“Gratitude is an attitude,” some wise man surely must have said at some time. The Bible, in this week’s Parshah, demonstrates just how far Jewish tradition teaches us to be grateful and to remember our benefactors.

Seven of the ten plagues occur in this week’s reading. Moses, messenger of G‑d, is busy bringing down these terrifying plagues on Pharaoh’s Egypt. Yet, interestingly, he calls upon his brother Aaron to be the agent for the first three plagues—blood, frogs and lice. Why did Moses not do these himself, as he would do the others?

The Midrash, quoted by Rashi, teaches us that this is because it was through the agency of the waters of the Nile River that Moses was saved as an infant when he was put in the basket. It would have been insensitive and inappropriate for him to strike those very waters in order to bring on plagues. Seeing as the blood and the frogs both came directly from the water, it was Aaron who stuck the water rather than Moses. Similarly with the third plague, that of lice. The lice came from out of the ground, and the earth, too, had helped Moses to cover the body of the Egyptian taskmaster whom he had killed defending a Jewish slave. Therefore, it would have been wrong for Moses to strike the earth, and so for this plague, too, Aaron was the agent.

What a monumental lesson to each of us on the importance of gratitude. First: Do water and earth have feelings? Would they know the difference if they were struck, and who was doing the striking? How much more so should we be considerate of human beings when they have done us a kindness. How scrupulous we ought to be not to offend people, especially those who have come to our assistance.

Second: Moses was 80 years old at the time of the plagues. These incidents with the water and earth occurred when he was a mere infant and when he was a very young man. And yet, all these years later he is still sensitive not to strike the objects that had helped him. He did not say, as so many have after him, “So what have you done for me lately?”

There are a number of theories as to why human beings seem to have this psychological need to tarnish the image of their past benefactors. Perhaps it is because we are inherently uncomfortable with the notion of being indebted to anyone. It cramps our style and diminishes our independence. So, if we find fault with those who have helped us previously, we absolve ourselves of any moral indebtedness. Now we’re even. I don’t owe you anything anymore.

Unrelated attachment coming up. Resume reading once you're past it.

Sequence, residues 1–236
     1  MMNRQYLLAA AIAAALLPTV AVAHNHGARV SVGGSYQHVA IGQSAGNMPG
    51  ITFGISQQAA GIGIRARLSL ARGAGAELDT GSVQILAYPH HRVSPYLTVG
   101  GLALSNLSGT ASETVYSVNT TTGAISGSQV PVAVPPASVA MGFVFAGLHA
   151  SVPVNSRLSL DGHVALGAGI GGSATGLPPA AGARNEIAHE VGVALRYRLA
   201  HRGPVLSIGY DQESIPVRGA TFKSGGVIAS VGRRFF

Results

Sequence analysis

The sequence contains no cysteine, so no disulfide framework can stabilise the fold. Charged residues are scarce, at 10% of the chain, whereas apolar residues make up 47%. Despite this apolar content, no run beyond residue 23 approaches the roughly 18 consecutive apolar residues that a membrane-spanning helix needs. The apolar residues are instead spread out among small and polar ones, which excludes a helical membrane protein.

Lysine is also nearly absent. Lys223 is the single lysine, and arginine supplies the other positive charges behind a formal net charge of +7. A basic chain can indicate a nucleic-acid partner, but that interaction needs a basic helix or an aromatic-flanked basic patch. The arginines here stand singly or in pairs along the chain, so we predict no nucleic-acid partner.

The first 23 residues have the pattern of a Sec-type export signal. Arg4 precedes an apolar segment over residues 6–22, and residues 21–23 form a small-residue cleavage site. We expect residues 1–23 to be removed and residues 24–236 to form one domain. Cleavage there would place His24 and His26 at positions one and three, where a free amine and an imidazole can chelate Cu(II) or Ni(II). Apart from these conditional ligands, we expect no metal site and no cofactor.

The story is told of the Chatam Sofer (Rabbi Moshe Schreiber, 1762–1839) that he once did an enormous favor for someone. Later, the fellow asked him, “Rabbi, what can I ever do to repay you for your kindness?” The Chatam Sofer replied, “One day, when you get upset and angry with me, please remember what I have done for you today—and, rather than pelting me with big rocks, please throw small stones instead.” Sad, but oh so true. In a similar vein, I remember hearing my own grandfather say of someone, “Why does he hate me so much? I never did him any favors!”

This little story of Moses, which is only an aside to the main body of the biblical narrative, teaches us to remember the kindnesses that are bestowed upon us—when they happen, and forever. If one who has been good to us in the past does wrong and needs chastising, let someone else volunteer for the job. He may need rebuking, but you’re not the one to do it.

Once again, the Torah is teaching us not only religious ritual, but how to be better people—more sensitive, and yes, eternally grateful human beings.